BOOKS: A VERY ENGLISH SCANDAL
Who’d have thought that a political biography would be so entertaining? Well, you’d have an inkling if you’ve seen the television adaptation of this 2016 book, which has a toptier cast (Hugh Grant and Ben Whishaw) and creative team (screenwriter Russell T Davies and director Stephen Frears).
The book explores the scandal that engulfed Jeremy Thorpe, one-time leader of the British Liberal Party who, in the early 1960s, had a relationship with a young man, Norman Scott, back when homosexuality was still illegal.
Scott drifted in and out of employment and had a history of psychiatric problems, and often turned to Thorpe for financial help. As Thorpe’s profile rose, his history with Scott became more and more problematic. Eventually, he decided the only way to silence him was to have him killed and instructed his fellow Liberal MP and right-hand man Peter Bessell (the most unlikely of assassins) to make it happen. This plot unraveled badly for all concerned and resulted in the death, not of Norman Scott, but of a great dane named Rinka.
When the press got wind of the story it led to the political trial of the century. Viewers of the TV series must have imagined that some of the more outlandish aspects had been fictionalised but, no, they all come from the book, which highlights a grand cast of English eccentrics.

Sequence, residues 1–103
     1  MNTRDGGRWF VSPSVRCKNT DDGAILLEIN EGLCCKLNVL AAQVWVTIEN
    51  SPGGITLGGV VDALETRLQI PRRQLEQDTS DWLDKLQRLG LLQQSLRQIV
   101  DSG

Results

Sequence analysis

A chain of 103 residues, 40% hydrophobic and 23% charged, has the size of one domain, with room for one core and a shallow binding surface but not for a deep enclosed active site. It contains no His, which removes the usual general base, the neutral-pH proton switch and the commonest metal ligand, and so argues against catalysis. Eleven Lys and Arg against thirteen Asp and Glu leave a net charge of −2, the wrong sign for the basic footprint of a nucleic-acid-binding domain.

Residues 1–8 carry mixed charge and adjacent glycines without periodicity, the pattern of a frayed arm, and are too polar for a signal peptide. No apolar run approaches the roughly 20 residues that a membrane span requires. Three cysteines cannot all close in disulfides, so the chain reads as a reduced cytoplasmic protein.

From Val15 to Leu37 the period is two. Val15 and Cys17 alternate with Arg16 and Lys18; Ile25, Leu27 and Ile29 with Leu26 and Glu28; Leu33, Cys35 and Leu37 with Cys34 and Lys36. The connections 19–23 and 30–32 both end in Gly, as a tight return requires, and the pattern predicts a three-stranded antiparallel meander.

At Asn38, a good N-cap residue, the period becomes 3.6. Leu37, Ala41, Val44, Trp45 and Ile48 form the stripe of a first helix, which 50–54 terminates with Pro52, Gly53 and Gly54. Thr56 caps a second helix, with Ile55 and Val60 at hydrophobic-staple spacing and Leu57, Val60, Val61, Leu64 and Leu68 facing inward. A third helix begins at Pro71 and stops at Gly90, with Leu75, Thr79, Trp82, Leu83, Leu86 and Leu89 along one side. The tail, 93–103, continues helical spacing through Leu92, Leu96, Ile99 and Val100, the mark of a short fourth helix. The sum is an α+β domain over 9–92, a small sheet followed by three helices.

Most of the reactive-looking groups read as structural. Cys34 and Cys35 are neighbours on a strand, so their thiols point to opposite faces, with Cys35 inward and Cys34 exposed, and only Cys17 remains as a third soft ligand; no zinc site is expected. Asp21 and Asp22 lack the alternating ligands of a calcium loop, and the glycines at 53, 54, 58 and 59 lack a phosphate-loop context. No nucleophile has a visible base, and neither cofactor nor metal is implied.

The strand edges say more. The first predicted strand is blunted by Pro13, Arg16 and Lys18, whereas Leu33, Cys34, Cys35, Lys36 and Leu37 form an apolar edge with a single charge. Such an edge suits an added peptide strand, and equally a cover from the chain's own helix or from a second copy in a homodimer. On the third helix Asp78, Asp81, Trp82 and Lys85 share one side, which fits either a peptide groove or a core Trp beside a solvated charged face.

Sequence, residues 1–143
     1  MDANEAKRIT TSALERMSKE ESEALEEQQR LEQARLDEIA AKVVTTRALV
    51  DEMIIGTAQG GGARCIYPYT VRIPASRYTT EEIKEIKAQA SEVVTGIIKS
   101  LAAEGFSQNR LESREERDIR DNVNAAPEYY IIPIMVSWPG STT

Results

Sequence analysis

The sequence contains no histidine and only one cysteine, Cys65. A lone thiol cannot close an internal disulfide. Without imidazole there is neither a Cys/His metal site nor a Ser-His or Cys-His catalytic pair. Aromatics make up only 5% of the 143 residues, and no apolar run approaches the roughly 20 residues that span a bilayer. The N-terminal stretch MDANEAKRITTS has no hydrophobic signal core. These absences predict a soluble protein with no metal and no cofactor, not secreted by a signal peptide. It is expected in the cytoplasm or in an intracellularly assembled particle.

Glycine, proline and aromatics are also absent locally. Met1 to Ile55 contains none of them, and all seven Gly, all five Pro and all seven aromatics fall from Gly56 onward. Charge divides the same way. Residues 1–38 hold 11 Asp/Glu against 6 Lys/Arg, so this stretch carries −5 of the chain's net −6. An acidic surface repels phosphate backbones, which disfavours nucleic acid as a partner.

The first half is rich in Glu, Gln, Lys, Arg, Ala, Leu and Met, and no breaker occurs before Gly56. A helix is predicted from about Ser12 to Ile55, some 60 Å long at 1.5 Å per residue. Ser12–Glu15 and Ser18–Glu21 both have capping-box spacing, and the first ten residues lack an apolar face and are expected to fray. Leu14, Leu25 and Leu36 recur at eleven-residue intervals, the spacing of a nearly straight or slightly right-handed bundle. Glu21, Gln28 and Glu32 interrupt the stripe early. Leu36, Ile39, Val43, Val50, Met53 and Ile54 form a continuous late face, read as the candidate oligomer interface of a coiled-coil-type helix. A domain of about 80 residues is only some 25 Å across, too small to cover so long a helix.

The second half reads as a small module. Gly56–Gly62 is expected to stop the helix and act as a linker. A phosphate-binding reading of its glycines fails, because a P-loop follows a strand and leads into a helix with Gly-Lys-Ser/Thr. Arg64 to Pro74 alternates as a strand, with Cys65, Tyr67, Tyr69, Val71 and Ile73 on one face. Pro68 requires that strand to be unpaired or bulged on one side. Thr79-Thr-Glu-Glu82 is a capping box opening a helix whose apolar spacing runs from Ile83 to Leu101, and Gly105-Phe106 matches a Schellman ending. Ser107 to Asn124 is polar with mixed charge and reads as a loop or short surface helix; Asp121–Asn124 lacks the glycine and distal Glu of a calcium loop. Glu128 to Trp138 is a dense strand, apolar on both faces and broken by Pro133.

Take for example, the Eighth Earl Of Arran, aka “Boofy”, a member of the House Of Lords, whose wife, the countess, was a champion powerboat racer. The two shared a love of badgers and allowed the creatures free reign in their home, which necessitated the wearing of gumboots to avoid being bitten by them and contracting ringworm. As well as being passionate about the rights of badgers, the earl also took up the cause of Homosexual Law Reform as his elder brother had been homosexual and committed suicide after years of psychiatric treatment.
This is political biography/true crime that reads like a comic novel. It stretches credulity, but real conversations between the main players come from Peter Bessell’s book CoverUp or from his aide-memoire, prepared for the trial. Preston had first-rate access to key people and materials, including meeting Scott himself and being shown the private memoir he wrote about the affair.
Preston also met with the sons of two other (now deceased) major players – Peter Bessell and trial lawyer George Carman – and was given access to Carman’s trial notes.
In his afterword, Preston mentions that in writing the book peculiar noises emanated from his study, “chortles of amusement or – just as often gasps of disbelief than groans of despair”.
This thoroughly gripping account is certain to have the same effect on readers.
Hugh Grand and Ben Wishaw as ex-lovers in A Very English Scandal.